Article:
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Oracle® Database JDBC Developer's Guide,
11g Release 2 (11.2)

Part Number E16548-02
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B Oracle RAC Fast Application Notification

Oracle Database 11g Release 2 (11.2) introduces a new set of APIs for Oracle RAC Fast Application Notification (FAN) events. These APIs provide an alternative for taking advantage of the high-availability (HA) features of Oracle Database, if you do not use Universal Connection Pool or Oracle JDBC connection caching. These APIs are not a part of Oracle JDBC APIs.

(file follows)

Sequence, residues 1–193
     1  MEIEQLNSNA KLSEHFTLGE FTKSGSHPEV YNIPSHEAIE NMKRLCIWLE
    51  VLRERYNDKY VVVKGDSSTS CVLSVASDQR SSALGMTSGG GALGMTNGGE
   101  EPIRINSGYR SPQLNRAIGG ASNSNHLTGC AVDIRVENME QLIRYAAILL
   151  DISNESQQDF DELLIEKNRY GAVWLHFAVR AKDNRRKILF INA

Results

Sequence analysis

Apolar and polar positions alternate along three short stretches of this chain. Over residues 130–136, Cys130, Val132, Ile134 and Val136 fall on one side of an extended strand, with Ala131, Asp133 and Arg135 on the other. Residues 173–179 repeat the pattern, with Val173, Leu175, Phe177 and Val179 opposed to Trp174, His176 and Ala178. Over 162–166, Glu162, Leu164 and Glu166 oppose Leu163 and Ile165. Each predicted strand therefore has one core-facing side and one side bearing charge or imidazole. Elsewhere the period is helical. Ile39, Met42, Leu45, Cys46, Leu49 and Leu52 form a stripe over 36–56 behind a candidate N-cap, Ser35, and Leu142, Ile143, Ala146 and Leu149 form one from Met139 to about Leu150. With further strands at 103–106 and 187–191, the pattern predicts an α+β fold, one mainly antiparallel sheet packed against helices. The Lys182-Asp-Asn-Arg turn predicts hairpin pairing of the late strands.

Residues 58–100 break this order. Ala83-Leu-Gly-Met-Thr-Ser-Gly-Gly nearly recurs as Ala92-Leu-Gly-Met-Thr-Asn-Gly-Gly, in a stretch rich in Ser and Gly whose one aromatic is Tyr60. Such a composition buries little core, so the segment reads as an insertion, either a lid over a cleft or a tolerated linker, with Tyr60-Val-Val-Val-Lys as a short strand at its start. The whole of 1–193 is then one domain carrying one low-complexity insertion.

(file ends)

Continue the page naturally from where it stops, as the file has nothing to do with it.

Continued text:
This appendix covers the following topics:

This feature depends on the Oracle Notification System (ONS) message transport mechanism. This feature requires configuring your system, servers, and clients to use ONS.

For using Oracle RAC Fast Application Notification, the simplefan.jar file must be present in the classpath, and either the ons.jar file must be present in the classpath or an Oracle Notification Services (ONS) client must be installed and running in the client system.

Overview of Oracle RAC Fast Application Notification

The Oracle RAC Fast Application Notification (FAN) feature provides a simplified API for accessing FAN events through a callback mechanism. This mechanism enables application code to receive a callback when a FAN event occurs. These APIs are referred to as Oracle RAC FAN APIs in this appendix.